Before I could do this, my inner voice said, “ Just try one more time…apply for one more job” So that’s what I did.

The interview was a breeze.

I knew the moment I walked into the room that this job was mine and it was. After 3 years, I was finally on the career ladder.

Then in 1995 I got a job with an Irish company based in Northern Ireland and started travelling to Ireland every week. I would fly to Belfast; hire a car, then drive to the factories.

We had 11 clothing factories in different parts of the country. I got the job a few months after the cease-fire was declared and whilst I was a bit apprehensive about going to Ireland in the beginning, driving around the country quickly became the highlight of my week.

The drive from Belfast airport, through the barren countryside, was always exceptionally beautiful and serene. And once out of the city, the terrain quickly became sparse, covered mainly by rugged, craggy rocks with little or no trees.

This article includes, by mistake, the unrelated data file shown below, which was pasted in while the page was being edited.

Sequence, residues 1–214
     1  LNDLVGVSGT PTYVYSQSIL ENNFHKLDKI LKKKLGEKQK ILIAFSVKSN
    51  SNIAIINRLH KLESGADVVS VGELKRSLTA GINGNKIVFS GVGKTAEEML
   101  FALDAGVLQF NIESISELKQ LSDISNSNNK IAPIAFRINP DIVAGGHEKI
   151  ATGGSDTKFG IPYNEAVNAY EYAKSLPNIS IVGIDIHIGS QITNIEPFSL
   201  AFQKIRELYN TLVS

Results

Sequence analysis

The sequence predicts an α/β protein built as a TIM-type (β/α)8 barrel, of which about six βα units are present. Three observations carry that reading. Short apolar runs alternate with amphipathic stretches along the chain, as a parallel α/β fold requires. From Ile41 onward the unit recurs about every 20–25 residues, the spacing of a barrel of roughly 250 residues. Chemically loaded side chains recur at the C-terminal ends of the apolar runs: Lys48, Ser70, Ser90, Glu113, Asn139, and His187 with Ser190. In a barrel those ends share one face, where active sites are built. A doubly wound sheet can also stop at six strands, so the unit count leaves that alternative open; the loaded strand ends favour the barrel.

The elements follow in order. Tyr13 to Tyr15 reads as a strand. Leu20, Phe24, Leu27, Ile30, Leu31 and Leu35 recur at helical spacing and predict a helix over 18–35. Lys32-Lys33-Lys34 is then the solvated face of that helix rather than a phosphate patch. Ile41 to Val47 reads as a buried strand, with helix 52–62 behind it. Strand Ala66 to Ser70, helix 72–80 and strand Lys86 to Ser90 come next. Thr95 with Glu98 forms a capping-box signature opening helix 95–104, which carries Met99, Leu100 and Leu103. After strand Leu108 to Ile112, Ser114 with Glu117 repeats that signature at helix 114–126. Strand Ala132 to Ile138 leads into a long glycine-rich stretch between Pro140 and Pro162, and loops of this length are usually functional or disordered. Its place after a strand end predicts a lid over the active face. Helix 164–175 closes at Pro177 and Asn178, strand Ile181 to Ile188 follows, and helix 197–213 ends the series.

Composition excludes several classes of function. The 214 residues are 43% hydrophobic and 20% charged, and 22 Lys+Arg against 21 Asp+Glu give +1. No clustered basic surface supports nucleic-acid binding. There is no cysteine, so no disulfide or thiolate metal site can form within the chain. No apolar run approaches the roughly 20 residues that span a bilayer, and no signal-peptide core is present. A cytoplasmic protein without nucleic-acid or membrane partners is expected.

But the lichens and heathers bloomed everywhere, in flurries of gold’s purples and whites; lighting up the way and it’s this sight that made the journey for me every week.

I got lost so many times while looking for the factories or for my hotels, and sometimes I would drive around and around not knowing which way to go. Suddenly a voice would say, “take a left, or take a right, or no don’t turn here, go straight”

Following the voice, always miraculously lead me to exactly where I needed to go. During those journeys, where many times my car was the only one on the road, I started trusting this voice.